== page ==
Some of you, especially divers, may recall the tragedy in late 2019 with the dive boat Conception catching fire near Santa Barbara, California. Shortly after, the conflagration of the Red Sea Aggressor I liveaboard happened. Both tragedies resulted in a tragic loss of life.
Of course, the final responsibility for safety lies with the boat captain, but it’s good to know the safety conditions when you’re checking charter boats. These become paramount on multi-day trips where you stay onboard overnight or head out far away from shore.
Below, you will find some general guidelines to evaluate your safety when checking out charter boat options. However, depending on the activity, the distance from shore, the region of the world, and the sea conditions, you may need different safety equipment. A cruise ship would have far more extensive requirements (by law) than a dinghy.
In any case, the boat crew should brief you about the safety protocols aboard the vessel. Pay attention to it – that’s your responsibility.
Name and Credibility of the Boat Charter
No matter when or where you’re looking for a charter boat, the first thing to check is the organization’s reputation. Along with that, if possible, you should try and get an idea of the upkeep of the boat and how they inform the staff.
One thing to consider is the general reputation of the company. Similar to airliners, some have an excellent safety record while others have a terrible safety record. So doing your online research is a good start for a first assessment.
Maintenance, of course, is closely related to reputation. A lack of maintenance will sooner or later lead to a bad reputation.
Still, if you are about to book a charter boat on the spot, you can decide for yourself if the boat deserves your confidence. If the boat itself is in a questionable state (rust, dirt, damage), you may wonder how well the machinery is maintained. Has the engine been serviced according to the schedule? Is the safety equipment present and in a usable condition?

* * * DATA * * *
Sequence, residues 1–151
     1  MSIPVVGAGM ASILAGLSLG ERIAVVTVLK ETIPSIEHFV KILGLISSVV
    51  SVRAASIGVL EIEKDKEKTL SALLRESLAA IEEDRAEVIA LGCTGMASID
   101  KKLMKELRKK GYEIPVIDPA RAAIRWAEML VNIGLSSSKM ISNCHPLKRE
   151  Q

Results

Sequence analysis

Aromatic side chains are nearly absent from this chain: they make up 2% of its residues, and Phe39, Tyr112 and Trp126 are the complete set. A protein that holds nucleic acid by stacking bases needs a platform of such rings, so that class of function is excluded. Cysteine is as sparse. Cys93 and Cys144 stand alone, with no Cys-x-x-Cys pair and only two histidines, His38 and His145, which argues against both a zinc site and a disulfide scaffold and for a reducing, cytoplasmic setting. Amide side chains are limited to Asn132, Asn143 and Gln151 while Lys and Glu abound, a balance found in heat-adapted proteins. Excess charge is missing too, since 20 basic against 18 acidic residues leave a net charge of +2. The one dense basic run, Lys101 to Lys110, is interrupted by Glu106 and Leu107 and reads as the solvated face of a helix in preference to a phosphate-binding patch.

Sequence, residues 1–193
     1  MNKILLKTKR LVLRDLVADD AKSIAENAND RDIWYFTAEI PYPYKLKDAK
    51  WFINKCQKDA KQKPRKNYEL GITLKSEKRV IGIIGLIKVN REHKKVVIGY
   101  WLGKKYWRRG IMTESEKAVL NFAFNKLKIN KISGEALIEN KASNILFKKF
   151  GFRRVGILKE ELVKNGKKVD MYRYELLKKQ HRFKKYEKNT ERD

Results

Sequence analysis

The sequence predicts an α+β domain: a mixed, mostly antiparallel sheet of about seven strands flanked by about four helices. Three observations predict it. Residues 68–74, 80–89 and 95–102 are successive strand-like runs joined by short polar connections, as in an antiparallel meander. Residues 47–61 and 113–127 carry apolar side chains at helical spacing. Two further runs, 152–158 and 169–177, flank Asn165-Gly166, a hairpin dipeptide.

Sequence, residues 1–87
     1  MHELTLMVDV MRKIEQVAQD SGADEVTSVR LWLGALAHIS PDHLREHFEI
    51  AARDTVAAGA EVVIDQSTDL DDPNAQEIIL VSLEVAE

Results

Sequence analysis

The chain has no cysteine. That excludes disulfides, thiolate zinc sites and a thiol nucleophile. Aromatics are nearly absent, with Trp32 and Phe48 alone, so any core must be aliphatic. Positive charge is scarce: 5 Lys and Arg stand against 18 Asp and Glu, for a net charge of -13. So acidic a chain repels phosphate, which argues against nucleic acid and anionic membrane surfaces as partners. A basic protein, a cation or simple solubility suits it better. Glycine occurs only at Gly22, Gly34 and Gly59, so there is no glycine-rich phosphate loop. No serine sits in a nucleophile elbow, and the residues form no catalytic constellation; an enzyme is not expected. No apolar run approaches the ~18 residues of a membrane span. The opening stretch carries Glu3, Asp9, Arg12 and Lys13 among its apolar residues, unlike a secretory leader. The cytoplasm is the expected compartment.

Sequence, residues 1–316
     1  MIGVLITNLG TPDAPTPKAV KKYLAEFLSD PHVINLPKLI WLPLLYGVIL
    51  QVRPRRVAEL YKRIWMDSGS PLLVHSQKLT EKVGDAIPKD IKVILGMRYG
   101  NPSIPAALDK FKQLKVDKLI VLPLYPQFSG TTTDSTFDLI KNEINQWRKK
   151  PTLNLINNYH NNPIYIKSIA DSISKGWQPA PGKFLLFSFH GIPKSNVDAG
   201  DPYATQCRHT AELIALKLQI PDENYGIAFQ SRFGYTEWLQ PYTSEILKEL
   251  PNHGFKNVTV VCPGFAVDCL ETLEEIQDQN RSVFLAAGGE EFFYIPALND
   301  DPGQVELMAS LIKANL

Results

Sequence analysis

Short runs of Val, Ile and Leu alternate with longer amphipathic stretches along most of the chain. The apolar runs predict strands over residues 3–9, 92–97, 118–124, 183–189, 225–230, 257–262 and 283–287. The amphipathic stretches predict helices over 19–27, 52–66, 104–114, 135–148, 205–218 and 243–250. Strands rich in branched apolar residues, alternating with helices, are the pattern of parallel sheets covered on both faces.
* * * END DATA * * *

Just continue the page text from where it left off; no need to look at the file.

Not only the passengers need to be briefed, but the crew needs to be briefed beforehand as well. The crew needs to know the safety drills, just as the flight attendants in an aircraft know the emergency procedures. You may get a good impression of this by meeting the company staff. Your gut feeling will lead you in the right direction.
Technology and Machinery
Number of engines
From my personal experience as a diver, I like to pay attention to the engines. I worked in locations where the higher-end dive centers had two outboard engines on the boats, while other dive centers only had one.
Considering the weather circumstances, I was happy to be on a boat with two outboard motors. I am a big fan of redundancy. What if there is just one engine, and it blocks for some reason?
Truth be told, boats may have an auxiliary outboard motor that’s not directly in sight, but could be installed if necessary.
Especially in areas with limited coverage or without cell phone coverage, marine radios are essential equipment to communicate with other ships or with receivers at the shore.
The crew can use the radio in cases of emergency to contact rescue services. Marine radios operate on specific channels – channel 16 is the international frequency for distress calls.
Water may come inside the boat because of waves or rain. A damaged hull may also cause the boat to take on water, for example after hitting a shallow reef or a rock formation that was not detected in time by the captain.
In these cases, a bilge pump can be used to remove water from the lowest compartment of the ship. In very small boats, buckets will be enough to remove any excess water.
If the water level rises too high, the bilge pumps will switch on to get rid of the excess water (either automatically or manually).